Research ArticleMICROBIOLOGY

Scaffolding bacterial genomes and probing host-virus interactions in gut microbiome by proximity ligation (chromosome capture) assay

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Science Advances  17 Feb 2017:
Vol. 3, no. 2, e1602105
DOI: 10.1126/sciadv.1602105

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Abstract

The biochemical activities of microbial communities, or microbiomes, are essential parts of environmental and animal ecosystems. The dynamics, balance, and effects of these communities are strongly influenced by phages present in the population. Being able to characterize bacterium-phage relationships is therefore essential to investigate these ecosystems to the full extent of their complexity. However, this task is currently limited by (i) the ability to characterize complete bacterial and viral genomes from a complex mix of species and (ii) the difficulty to assign phage sequences to their bacterial hosts. We show that both limitations can be circumvented using meta3C, an experimental and computational approach that exploits the physical contacts between DNA molecules to infer their proximity. In a single experiment, dozens of bacterial and phage genomes present in a complex mouse gut microbiota were assembled and scaffolded de novo. The phage genomes were then assigned to their putative bacterial hosts according to the physical contacts between the different DNA molecules, opening new perspectives for a comprehensive picture of the genomic structure of the gut flora. Therefore, this work holds far-reaching implications for human health studies aiming to bridge the virome to the microbiome.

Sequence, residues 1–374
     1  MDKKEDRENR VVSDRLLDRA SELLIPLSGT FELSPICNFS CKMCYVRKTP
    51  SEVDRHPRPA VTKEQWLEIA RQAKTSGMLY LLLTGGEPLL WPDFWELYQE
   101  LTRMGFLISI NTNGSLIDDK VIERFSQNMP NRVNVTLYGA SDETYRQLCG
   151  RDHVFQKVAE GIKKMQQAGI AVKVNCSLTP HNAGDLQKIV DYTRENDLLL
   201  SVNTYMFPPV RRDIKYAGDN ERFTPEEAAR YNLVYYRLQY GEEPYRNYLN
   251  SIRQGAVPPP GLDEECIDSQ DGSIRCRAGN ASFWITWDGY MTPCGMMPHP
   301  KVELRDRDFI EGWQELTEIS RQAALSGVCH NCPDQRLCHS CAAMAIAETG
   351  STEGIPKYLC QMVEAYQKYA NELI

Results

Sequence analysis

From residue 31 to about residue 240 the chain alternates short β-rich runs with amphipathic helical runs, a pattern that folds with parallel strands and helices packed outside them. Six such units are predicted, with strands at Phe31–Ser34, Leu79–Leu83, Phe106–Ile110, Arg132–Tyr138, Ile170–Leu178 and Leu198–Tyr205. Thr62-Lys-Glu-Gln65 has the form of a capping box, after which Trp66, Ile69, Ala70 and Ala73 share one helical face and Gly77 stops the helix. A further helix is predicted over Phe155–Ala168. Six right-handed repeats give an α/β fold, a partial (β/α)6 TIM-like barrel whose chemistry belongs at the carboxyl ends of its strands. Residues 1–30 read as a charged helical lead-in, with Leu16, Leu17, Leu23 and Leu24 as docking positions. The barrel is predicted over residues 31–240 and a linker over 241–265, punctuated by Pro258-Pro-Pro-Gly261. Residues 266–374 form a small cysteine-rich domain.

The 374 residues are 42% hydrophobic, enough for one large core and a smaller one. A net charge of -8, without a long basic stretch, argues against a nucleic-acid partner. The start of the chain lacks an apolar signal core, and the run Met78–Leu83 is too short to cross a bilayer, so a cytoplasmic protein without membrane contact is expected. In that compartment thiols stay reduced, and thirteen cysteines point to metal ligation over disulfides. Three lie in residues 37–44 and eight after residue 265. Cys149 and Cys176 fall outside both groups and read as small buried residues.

Keywords
  • metagenomics
  • mouse
  • phage
  • proximity ligation
  • Hi-C
  • meta3C
  • contact genomics
  • virome
  • mammal
  • genome assembly

This is an open-access article distributed under the terms of the Creative Commons Attribution-NonCommercial license, which permits use, distribution, and reproduction in any medium, so long as the resultant use is not for commercial advantage and provided the original work is properly cited.

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